The BS Dictionary: The Man on the Street

Thursday, February 20, 2020

Do you yearn for a book to disambiguate words and phrases commonly used in business settings, your workplace, and in life in general? Do you wish the kimono would open on idioms and clichés that stretch the bandwidth of understanding and make you wonder if your career is scalable? What are you really saying when you go against the grain and are aboveboard? What do you hear when your colleague wants face time or to move the needle? The BS Dictionary: Uncovering the Origins and True Meanings of Business Speak provides the real-world definitions to about 300 of the world's most commonly-used business terms and gives you the origin story (who coined the term? when did it start to be used figuratively in the business world?) for each one. Get the language clarity you need and have fun learning the full etymology of favorite phrases. Read humorous commentary about how phrases might be misused or misunderstood. If you are interested in language, business speak, writing, and trivia knowledge, this book is for you! Get The BS Dictionary and impress your friends with your newfound wealth of phrases and their history. About the Authors: Bob Wiltfong is a former correspondent on The Daily Show with Jon Stewart and Emmy award winning journalist. His love for BS was fostered through 20+ years of working as a consultant in presentation skills for several Fortune 500 companies including T-Mobile, General Electric and Charles Schwab. He often confirms trending BS terms with his CMO wife and is reminded that he has a lot more to learn from his three kids. Tim Ito is a former reporter at US News & World Report as well as Senior Editor at The Washington Post. His passion for BS grew as an adjunct professor of content and marketing at Georgetown University as well as serving as VP of content and marketing at the Association for Talent Development (ATD). Tim keeps up to date on the latest BS in his current role as VP of Marketing at the Washington Speakers Bureau. His wife and two kids can vouch for the fact that he is full of BS. Check Us Out: The Site: The Book:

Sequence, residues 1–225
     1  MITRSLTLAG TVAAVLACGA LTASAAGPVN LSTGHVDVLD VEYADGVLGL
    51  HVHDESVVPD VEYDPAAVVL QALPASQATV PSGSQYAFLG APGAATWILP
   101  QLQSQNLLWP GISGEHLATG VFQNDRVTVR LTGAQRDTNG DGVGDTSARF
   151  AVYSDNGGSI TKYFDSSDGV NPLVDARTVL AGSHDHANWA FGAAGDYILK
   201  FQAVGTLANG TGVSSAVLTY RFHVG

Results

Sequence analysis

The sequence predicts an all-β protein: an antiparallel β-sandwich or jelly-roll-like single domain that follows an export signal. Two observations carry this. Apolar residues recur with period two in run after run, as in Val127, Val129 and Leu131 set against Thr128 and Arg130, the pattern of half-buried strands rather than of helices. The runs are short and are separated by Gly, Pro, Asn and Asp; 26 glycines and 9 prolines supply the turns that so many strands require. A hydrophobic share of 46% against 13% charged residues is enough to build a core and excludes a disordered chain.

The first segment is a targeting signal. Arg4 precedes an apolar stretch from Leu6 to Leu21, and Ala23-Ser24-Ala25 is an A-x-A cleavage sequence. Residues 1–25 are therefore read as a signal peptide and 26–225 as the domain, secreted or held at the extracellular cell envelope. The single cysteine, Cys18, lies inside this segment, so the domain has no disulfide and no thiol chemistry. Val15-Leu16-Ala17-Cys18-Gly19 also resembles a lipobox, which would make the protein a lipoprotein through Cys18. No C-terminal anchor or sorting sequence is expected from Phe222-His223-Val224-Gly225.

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A large number of acronyms about current business trends have a short (5 year or less) life span of importance. Acronyms are what you learn as you prepare or work in a business. I don't expect most people to know what STARS, UAS, TDLS, ETMS, TFMS or METAR mean. But in my business they are important.
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